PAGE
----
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Oracle Wins, But What's Next for Ellison?

 
 
 
 
 
 
 
 

by Tony Kontzer

Larry Ellison is at it again. Always hungry, always on the prowl, always looking to get the last laugh, Ellison may have written his greatest punch line ever over the weekend, swooping in to purchase Sun Microsystems an instant after rival IBM failed to do so. How is this a victory for Ellison and his increasingly powerful Oracle Corp.? Let us count the ways...

1) Let's start with IBM, one of Ellison's favorite foils. Oracle and IBM have long competed in the database market, and the rivalry has intensified in recent years as the two have stepped up their battle to dominate the corporate software market. Then, IBM looks to get a leg up by acquiring Sun and its venerable hardware and Java technologies, but when it comes up short after weeks of rumored talks, Ellison pulls the deal off seemingly overnight. Take that, Big Blue.

2) Then there's Microsoft. Ellison and his buddy-buddy Sun cohort, Scott McNealy, have always looked for any opportunity to punch holes in the Microsoft armor. Ultimately, Microsoft was always able to deflect those attacks with its dominance over both companies. Now, however, the threat becomes much more real. The combined Oracle-Sun should make Microsoft nervous, especially when one thinks about the ways in which Oracle will be able to leverage the Java programming language, which Ellison proclaimed Monday as "the single most important software asset we have ever acquired." Given that Oracle already has acquired the likes of PeopleSoft, Siebel Systems, and BEA Systems over the past few years, that is a significant proclamation.

3) And what of the rest of the enterprise applications market? Take a quick look around and there's really only one major player left--SAP, long a personal punching bag for Ellison, who has laughed as the German software maker has passively watched the market for on-demand applications develop, continuing to run itself as if it's still 1993. At this point, SAP simply can't match either the breadth of Oracle's technology stack, or its flexibility. With its acquisition of Sun, Oracle is now officially the 800-pound gorilla in the business software market, and SAP and the like soon will find that there's little left beyond table scraps.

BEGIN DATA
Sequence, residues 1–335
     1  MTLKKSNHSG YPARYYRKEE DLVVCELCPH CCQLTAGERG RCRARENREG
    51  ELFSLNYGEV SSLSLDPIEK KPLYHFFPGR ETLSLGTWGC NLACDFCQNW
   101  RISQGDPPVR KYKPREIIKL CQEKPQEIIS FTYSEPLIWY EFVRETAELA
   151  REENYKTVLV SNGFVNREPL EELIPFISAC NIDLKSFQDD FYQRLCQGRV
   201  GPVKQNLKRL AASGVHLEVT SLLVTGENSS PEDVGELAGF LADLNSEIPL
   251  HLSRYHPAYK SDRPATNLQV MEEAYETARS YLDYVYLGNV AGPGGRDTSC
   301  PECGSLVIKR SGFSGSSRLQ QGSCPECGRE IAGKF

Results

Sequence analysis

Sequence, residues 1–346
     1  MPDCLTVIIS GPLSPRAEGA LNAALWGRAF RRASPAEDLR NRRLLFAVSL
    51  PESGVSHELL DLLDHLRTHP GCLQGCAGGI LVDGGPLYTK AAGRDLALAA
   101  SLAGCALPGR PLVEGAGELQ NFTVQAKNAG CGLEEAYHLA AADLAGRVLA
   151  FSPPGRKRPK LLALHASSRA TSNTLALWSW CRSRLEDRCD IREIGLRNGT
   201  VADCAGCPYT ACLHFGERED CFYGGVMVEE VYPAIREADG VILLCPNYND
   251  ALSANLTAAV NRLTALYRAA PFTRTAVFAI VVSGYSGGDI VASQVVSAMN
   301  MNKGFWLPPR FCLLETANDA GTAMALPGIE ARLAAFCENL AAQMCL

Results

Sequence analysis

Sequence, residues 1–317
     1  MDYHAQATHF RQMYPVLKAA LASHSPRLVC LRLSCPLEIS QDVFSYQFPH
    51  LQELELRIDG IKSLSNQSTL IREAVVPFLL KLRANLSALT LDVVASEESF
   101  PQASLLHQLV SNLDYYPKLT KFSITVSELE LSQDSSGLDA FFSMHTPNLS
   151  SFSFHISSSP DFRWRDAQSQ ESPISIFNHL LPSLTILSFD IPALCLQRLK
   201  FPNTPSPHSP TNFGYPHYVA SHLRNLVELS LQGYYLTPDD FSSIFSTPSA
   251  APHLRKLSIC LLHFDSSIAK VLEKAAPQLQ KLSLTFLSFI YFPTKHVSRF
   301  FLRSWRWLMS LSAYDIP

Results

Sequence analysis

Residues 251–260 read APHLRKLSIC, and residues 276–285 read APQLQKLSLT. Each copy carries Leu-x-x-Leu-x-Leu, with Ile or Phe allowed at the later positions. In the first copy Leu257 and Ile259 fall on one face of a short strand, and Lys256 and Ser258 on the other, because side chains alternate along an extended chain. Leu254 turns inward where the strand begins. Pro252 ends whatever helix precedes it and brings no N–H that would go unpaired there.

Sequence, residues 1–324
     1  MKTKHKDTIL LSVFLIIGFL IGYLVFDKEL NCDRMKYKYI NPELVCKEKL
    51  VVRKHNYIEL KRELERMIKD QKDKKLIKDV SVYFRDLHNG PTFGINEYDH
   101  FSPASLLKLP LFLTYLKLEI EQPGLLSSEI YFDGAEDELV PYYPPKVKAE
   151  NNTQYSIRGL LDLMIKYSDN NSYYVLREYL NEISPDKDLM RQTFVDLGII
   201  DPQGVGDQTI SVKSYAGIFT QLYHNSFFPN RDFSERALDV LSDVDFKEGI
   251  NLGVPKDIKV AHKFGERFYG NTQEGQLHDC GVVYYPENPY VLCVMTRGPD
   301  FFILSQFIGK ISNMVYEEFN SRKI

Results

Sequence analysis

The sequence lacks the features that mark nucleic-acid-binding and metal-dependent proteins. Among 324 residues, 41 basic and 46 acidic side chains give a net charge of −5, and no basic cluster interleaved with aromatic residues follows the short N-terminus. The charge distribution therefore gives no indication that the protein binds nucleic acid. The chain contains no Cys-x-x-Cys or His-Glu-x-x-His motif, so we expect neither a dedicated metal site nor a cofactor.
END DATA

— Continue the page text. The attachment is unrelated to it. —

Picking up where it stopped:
There is a sad side to all of this consolidation, though, and that's the loss in entertainment value. We're rapidly approaching a time when there won't be anyone left to buy, and with no major acquisitions to consider, Ellison's opportunities to be a market disturber are greatly limited. Other than some of the big niche names, such as SunGard or Adobe Systems, the market is now bereft of empires left for Ellison to conquer.

With that in mind, here are a few suggestions for how Ellison can keep Oracle in the news in the coming years:

-Take over the mortgage industry and show the financial world how a real business is run;

-Snatch up Tesla Motors, put some serious money behind electric car production, and start the process of transforming Silicon Valley into the future hub of the transportation industry; or

-Engineer a hostile takeover of NASA and teach the feds a thing or two about how to spend billions wisely.

Until then, have fun with Java, Larry. There's no rush.

(For more thoughts on the impact of the Oracle-Sun deal, click here.)

 
 
 
 

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